It's Not Cool for Parents to Fight Their Kids' Battles With Other Kids

Protective motherPicture this: Your kid has been begging to go to the playground all day, and you promised you would stop by so they could run wild for a few minutes, after you finished crossing 5 or 15 items off your to-do list. You take your usual spot on the park bench and your child hauls tail over to the swings — naturally, because the swings are hands-down the highlight of any play area — and is just about to grab one when another child intercepts.

There’s a brief fracas as the New Kid on the Block and yours squabble about who was there first and has rights to first ride. Suddenly New Kid, who’s about the same size, age, and stature as your child, pushes your kid down into the wood chip mulch on the ground. They try to get up; New Kid pushes them down again. Question is: do you watch how your child handles the situation from the sidelines or do you get up and put the other kid in their place?


I’ve been that parent before, so I can tell you from experience that I would rather help her learn how to defend herself than do her defending for her.

When Tween Girl was a smaller tot, she used to be a real pushover, meaning she’d let anybody run all ramble scramble over her. During family visits to my grandmother’s house, her cousin, Isaiah — who is a month younger than she is — punked her for toys even before they were old enough to walk. He was aggressive as an infant, let alone a toddler, so I was always stepping in to cart him off to another space on the living room floor or giving him a gentle “no hit!” scolding, as much as a 9-month-old can comprehend it.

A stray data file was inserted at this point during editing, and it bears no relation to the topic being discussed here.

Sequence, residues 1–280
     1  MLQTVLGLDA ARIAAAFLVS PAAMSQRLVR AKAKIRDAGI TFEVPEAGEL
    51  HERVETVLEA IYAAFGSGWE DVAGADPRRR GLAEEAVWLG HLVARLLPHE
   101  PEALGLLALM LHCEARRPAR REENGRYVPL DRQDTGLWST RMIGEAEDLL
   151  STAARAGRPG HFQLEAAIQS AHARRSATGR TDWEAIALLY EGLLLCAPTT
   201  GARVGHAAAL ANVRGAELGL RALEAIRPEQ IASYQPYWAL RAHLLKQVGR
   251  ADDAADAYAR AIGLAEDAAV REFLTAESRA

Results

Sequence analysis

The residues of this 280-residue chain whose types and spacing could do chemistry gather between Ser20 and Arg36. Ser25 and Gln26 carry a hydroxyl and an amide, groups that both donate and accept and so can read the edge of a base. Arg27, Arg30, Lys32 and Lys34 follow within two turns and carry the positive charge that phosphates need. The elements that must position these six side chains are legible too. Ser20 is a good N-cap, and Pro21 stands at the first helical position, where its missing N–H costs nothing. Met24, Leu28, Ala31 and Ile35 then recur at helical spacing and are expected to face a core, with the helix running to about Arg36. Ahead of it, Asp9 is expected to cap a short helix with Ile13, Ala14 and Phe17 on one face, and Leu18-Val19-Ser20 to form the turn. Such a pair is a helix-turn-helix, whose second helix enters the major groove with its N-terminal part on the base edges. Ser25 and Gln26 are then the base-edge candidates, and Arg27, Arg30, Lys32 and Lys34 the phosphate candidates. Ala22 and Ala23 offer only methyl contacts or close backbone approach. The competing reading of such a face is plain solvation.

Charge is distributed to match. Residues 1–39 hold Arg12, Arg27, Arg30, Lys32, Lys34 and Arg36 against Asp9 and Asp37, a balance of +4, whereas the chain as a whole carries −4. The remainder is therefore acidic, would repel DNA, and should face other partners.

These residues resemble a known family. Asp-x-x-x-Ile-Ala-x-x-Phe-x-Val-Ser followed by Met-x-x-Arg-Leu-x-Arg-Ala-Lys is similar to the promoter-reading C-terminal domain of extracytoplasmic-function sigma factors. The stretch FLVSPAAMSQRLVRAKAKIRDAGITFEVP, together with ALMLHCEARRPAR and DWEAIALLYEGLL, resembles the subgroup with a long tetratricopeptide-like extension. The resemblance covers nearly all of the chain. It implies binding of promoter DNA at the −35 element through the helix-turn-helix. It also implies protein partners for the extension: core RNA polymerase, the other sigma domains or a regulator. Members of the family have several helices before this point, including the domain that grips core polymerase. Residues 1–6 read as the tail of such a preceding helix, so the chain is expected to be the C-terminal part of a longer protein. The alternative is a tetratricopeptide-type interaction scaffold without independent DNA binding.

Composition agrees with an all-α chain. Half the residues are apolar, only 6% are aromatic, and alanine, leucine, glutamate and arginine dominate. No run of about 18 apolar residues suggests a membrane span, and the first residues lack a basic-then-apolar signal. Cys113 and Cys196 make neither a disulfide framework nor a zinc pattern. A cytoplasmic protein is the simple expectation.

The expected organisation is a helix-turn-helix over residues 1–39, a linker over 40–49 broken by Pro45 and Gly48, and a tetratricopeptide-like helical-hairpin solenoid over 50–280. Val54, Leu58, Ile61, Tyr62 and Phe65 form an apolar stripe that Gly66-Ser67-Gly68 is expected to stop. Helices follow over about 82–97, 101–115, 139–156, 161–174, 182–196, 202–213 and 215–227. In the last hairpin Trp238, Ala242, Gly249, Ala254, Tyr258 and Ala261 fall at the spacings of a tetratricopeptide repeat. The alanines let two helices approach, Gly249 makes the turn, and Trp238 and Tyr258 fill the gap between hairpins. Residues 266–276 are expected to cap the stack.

As she got older, it was the same thing in school. My child, though not necessarily meek or mild-mannered, just wanted to be cool with e’rybody, which meant that she let plenty of her “friends” get away with doing things that friends just don’t do. I remember a Hello Kitty folder that didn’t make its way back home because some burly little girl asked Skylar if she could have it. That girl was pretty rough and tumble, so in a way, I don’t blame my kid for giving up the goods. Heck, I might cough mine up if she asked me to.

But there was an incident at the playground, when Girl Child let a boy cut her in line for the sliding board because she was too reserved to tell him he had to wait his turn. There I was, coaching her from the sidelines on not letting him run over her, but when he shoved her as she tried to climb the steps on the second go-round, I had to check his behavior. He was one of these kids whose parents let him loose on the city without supervision. But on that day, he had to get put in his place by a stranger, for his own good as much as it was for hers.

In our neighborhood, bullies don’t get beat up anymore — they get cut, stabbed, or shot.
He needed to learn as much as she did that that behavior wasn’t the way to go.

For the most part, though, I’ve tried to give my child the confidence to stand up for herself, even if she has to fake it. Parents can’t fight their kids’ battles all the time, for a couple of different reasons. At some point, unless you intend on raising children who will inevitably grow into either a) hippies or b) cowering adults, you’ve got to teach them how to fend for themselves.

For one, you’re not always going to be in the vicinity to come to the rescue, and let’s face it — the older we get, the less intimidating we get. So you barking at Little Johnny to leave your baby alone is a lot different in the second grade than it is in their senior year of high school, and when they’re taller than you with more body mass and a few wrestling championships under their belt, they’ll wonder why in the heck they were ever scared of you. (With the exception of my mom, who is still making folks — including my boyfriend — quiver in their boots as adults.)

But secondly, you’re doing your kid a disservice by stepping in to fight their fights for them, even if you, by some stroke of superheroism, could be around every time trouble befalls them.

How do you handle your kid’s battles: do you let them fend for themselves or do you intervene on their behalf?

Image via SashaW/Flickr

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